Fried foods cook, in part by steaming from the inside out. The intensely hot oil causes the internal moisture in the food to boil, which then escapes as steam. The outward rush of steam prevents the surrounding oil from permeating the food and making it greasy. This equilibrium creates that nirvana of a crunchy outside and a tender, moist, non-oily inside.
That is, you cook it right, you get a crispy skin on the outside with an inside that is tender and moist. You cook it wrong, then you can get an oily, inedible shell. It’s magic. Part of the breading is dry, part is moist, yet it’s overall crunchy. It is not, counter to the CPSI fiends, an oil drenched rag. And let’s not forget that fish and chips has a long storied history and is part of a whole country’s culinary history. You’d think that there were English people keeling over from heart attacks all over the place.
- 2 pounds of firm white fish fillets cut into strips about an inch wide and no thicker than about an inch in thickness (I prefer to cut these about ½ an inch in thickness to speed the frying process – at a half inch, these cook through in 3 or 4 minutes, which is convenient since you’ll be frying in batches!)
- 1 can of beer (Ideally a dark ale or stout like Guinness but any type of beer will work here)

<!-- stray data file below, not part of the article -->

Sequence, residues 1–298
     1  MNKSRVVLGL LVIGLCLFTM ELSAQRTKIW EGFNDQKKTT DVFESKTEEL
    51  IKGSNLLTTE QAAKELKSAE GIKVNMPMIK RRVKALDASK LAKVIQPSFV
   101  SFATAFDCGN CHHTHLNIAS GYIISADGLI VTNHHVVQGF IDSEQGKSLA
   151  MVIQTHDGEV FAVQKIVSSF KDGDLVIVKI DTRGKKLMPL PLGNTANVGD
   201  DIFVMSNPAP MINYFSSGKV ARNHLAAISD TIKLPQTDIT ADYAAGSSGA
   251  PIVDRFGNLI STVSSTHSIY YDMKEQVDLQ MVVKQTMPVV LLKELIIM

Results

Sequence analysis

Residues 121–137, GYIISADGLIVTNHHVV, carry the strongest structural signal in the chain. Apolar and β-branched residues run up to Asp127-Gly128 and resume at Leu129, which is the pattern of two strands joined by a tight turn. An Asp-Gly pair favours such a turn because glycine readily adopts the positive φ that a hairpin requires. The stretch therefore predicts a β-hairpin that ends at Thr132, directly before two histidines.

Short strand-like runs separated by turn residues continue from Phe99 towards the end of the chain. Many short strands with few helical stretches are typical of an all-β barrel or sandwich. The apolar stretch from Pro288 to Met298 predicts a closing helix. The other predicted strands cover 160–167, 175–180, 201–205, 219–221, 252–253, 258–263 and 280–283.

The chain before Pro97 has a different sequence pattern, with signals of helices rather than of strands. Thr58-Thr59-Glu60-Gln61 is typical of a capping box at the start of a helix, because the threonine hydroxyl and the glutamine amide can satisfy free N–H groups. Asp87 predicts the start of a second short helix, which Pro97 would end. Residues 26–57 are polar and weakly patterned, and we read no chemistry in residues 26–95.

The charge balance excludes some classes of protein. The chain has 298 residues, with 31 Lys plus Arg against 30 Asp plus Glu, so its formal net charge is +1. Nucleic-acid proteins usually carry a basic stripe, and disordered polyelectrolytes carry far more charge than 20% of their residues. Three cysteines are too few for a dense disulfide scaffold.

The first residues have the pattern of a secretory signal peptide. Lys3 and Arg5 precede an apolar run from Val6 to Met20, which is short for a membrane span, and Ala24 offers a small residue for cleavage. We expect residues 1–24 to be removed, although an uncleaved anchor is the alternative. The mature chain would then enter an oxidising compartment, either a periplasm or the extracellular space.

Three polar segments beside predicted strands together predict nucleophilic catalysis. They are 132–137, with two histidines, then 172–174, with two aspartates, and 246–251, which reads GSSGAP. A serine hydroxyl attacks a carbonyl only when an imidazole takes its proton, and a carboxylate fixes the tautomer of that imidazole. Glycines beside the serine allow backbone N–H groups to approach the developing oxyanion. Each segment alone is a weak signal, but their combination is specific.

- 1 ¼ cups of all purpose flour, plus another ½ cup or so for dredging, laid on a plate
That recipe, for all it’s flour, and 2 pounds of fish, has 12 glorious ounces of beer, a nice zero glycemic index ingredient. That’s why the batter seemed so moist to the CPSI.
Ok, so the CPSI lied about how bad the calories are in the Long John Silver’s “Big Catch”.
But wait, there’s so much more.
The CPSI is ultimately being hysterical about the transfats. It’s not the calories or the fats, right, inasmuch as there’s 33 grams of transfats.
In this last test, the A.H.A. diet was about 30 percent calories from fat, less than 10 percent calories from saturated fat; the low-carb diet was almost 40 percent calories from fat, around 12.5 percent saturated fat. In this particular trial, as in all of them so far, the high-saturated-fat diet (low-carb or Atkins-like) resulted in the best improvement in cholesterol profile — total cholesterol/H.D.L. In this Israeli trial, the high-saturated-fat diet reduced L.D.L. at least as well as the did the A.H.A. relatively low-fat diet, the fundamental purpose of which is to lower L.D.L. by reducing the saturated fat content.